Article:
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Cal Olympic Sports: Defending champ Men's Rowing looks strong in beating rivals UW, Stanford
Several Cal Olympic Sports programs have just qualified for their respective NCAA postseasons
While we await Cal Rugby’s national championship final against Navy on Saturday at 4:30 PM PT, this post is the long overdue return of quick hits on the busy spring Cal Olympic sports schedule. A lot has happened since the last one before I switched format to more focused posts about only one sport (Men’s Swimming and Diving, Women’s Gymnastics, Rugby 15s, and Beach Volleyball). Essentially, the seasons have come down to the postseason (or the last attempt to make the NCAA postseason via the conference tournament) for the bulk of spring sports. But before we get to those teams, let’s take a quick glance at the national title contenders, even though they won’t compete for the national championships for another month plus.
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National Championship Contenders
Cal Men’s Rowing
Following the footsteps of Cal Men’s Water Polo and Cal Men’s Swimming and Diving, Cal Men’s Rowing are in a good position to repeat as national champions in this 2022-23 school year. In case you missed it, the Varsity 8 boat of Cal Men’s Rowing won the IRA Championship last June. Because tradition (and it is the oldest of collegiate sports) dictated it, the main “team national championship” is solely determined by the Varsity 8 boat rather than a combination of the results for all the boats (Ten Eyck Trophy). Cal won the former but not the latter in 2022. Nonetheless, it was enough to push Cal Athletics’ claim of National Championships to 100 (it’s now 102 after the Men’s Water Polo, Men’s Swimming and Diving repeats).
Let’s take a look at the Cal Men’s Rowing Varsity 8 lineups between last year and this year.
This is the 2022 IRA Champion Varsity 8 lineup:
This is the Cal Varsity 8 lineup against UW from two weekends ago:
Graduate transfer (from Brown, who finished 3rd last year) Gus Rodriguez made the Cal V8+ boat in 2023, pushing Elliott Kemp to the 2V8+ boat. Otherwise, the rest of the IRA championship-winning boat is intact for a repeat run.
No.1 Cal defeated No.3 Washington two weeks ago, up in Seattle to retain the Schoch Cup. The time difference here is fairly slim, with Cal winning by three seats. UW’s press release is quick to point out how Cal bested Washington by over 8 seconds at the IRA Championship last year.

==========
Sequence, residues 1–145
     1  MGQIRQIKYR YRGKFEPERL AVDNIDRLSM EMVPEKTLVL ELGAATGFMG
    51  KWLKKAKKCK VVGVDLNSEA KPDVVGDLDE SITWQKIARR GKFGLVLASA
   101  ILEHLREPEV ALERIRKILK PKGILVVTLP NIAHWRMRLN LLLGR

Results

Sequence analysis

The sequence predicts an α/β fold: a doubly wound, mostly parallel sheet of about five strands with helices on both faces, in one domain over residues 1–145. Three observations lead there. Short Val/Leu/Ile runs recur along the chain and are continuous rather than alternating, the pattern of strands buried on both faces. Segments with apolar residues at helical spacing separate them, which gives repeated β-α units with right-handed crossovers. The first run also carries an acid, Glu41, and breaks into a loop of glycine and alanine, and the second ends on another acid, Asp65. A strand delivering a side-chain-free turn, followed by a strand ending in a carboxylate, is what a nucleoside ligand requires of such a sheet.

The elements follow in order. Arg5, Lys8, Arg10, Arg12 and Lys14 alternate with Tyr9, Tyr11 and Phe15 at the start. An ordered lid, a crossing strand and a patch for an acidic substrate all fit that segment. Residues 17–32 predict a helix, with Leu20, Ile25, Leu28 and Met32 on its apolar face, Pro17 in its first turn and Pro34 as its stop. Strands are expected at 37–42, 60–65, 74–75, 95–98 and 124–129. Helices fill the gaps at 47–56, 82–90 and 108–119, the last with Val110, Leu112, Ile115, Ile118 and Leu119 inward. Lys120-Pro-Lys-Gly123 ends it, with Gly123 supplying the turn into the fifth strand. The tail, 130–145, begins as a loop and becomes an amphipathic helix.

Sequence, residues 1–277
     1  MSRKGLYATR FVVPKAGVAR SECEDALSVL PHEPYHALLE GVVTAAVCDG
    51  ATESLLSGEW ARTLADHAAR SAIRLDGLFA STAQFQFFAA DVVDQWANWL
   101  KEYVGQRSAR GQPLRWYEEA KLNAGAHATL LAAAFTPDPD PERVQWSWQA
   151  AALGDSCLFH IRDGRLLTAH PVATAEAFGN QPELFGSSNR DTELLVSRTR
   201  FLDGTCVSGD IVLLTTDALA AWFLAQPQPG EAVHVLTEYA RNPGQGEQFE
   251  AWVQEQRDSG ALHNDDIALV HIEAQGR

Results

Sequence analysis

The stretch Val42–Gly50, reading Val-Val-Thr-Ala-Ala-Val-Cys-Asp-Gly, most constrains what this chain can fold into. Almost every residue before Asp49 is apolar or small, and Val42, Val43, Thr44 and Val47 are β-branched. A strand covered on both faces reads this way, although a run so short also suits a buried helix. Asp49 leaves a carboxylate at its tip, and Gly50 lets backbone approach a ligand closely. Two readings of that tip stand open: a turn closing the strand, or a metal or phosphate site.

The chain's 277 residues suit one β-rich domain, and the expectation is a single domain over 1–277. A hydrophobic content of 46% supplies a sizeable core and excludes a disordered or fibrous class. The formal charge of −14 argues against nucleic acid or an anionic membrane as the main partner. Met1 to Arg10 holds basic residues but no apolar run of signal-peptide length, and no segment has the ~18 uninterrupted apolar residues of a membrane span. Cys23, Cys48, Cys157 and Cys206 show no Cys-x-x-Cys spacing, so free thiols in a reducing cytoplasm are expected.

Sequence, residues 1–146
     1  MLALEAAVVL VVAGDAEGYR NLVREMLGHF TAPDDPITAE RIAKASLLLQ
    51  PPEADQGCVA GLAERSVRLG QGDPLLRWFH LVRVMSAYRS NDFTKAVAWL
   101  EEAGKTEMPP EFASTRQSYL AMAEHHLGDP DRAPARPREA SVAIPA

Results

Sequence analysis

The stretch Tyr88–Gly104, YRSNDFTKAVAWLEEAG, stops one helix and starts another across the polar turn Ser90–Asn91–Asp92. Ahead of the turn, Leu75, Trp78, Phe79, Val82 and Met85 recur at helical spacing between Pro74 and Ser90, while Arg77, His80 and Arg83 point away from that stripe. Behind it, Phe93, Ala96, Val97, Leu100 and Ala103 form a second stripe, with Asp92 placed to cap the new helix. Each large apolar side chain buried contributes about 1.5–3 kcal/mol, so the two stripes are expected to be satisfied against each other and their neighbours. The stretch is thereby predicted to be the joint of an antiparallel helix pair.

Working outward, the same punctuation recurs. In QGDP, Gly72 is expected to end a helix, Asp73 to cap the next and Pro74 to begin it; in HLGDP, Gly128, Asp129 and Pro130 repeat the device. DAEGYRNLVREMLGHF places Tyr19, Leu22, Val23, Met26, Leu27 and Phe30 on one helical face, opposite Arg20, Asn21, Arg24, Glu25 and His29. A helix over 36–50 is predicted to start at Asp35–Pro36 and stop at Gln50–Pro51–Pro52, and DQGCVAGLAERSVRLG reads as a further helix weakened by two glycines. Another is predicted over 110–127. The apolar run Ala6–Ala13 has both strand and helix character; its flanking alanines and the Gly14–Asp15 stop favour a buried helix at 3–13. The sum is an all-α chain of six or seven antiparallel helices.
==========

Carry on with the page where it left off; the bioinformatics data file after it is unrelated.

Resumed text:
1. Cal – 5:30.018
2. Washington – 5:31.202
(I don’t know what is going on with the times listed in this Tweet).
No.1 Cal then defeated No.9 Stanford by a much more comfortable margin this past weekend.
1. Cal - 5:31.7
2. Stanford - 5:36.0
The Schoch Cup awarded to the annual winner of Cal/UW is named after a former UW rower Delos “Dutch” Schoch who graduated in 1936 and was a spare to the 1936 Olympic Team. That 1936 team and the whole Cal/UW rowing rivalry are the subjects of the book “The Boys in the Boat” by Daniel James Brown which will also soon be in the theaters as a movie directed by George Clooney. Spoiler alert, UW bested Cal that year and then won the Gold over Nazi Germany. Nonetheless, my sister who is clearly biased as someone on the promotional team of this film said that Cal fans (AKA me) will also enjoy this, particularly since the Cal head coach was portrayed to have donated the last money that allow UW to travel to Berlin, Germany for the 1936 Olympic Games.
The rise of the Ivy League in recent years, spurred by former Cal head coach and temporary Cal AD Steve Gladstone at Yale, means that Cal should again get some tough competition from Yale and possibly Brown from Mercer Lake, New Jersey on June 3rd. Yet with essentially the same boat racing again, Cal has got to be considered the favorite until dethroned.
Golden Bears should also be more competitive in their other boats this year. Every boat other than 3V8 (V8, 2V8, 4V8, Freshmen 8) won against Washington. Cal swept both races (V8 and 2V8) against Stanford.
Cal will next race at the Pac-12 Championships on May 14th from Dexter Lake, Oregon before the IRA National Championship out East in early June.
ROW ON YOU BEARS!
Cal Track and Field
Even with the graduation of Canadian “Calympian” Camryn Rogers who won the last three NCAA women’s hammer throw titles, Cal will have multiple individual national championship contenders in the throwing events.
Sophomore Mykolas Alekna will again be an NCAA title contender. The Lithuania native set the previous NCAA record for discus last year (68.73m) at the Pac-12 Championship but only placed 2nd at the NCAA. Alekna shattered his old record with a 71.00m throw at the recent Big Meet.
This achievement garnered Alekna plenty of national recognition this week, including one from NCAA.
Alekna’s feat combined with other PRs like sophomore Riley Knott on javelin allowed No.20 Cal to defeat No.15 Stanford 99-64 at the Big Meet.
On the women’s side, senior (and potential future Great Britain “Calympian”) Anna Purchase is ready to pick up the slack of Camryn Rogers and keep the NCAA women’s hammer throw title in Berkeley. Purchase, the current top distance in NCAA this year (73.02m set at the Brutus Hamilton Invitational in Berkeley earlier this year), just needed a 69.69m throw to win at the Big Meet. Freshman Carolina Visca set a new school record for javelin with a throw of 52.41m.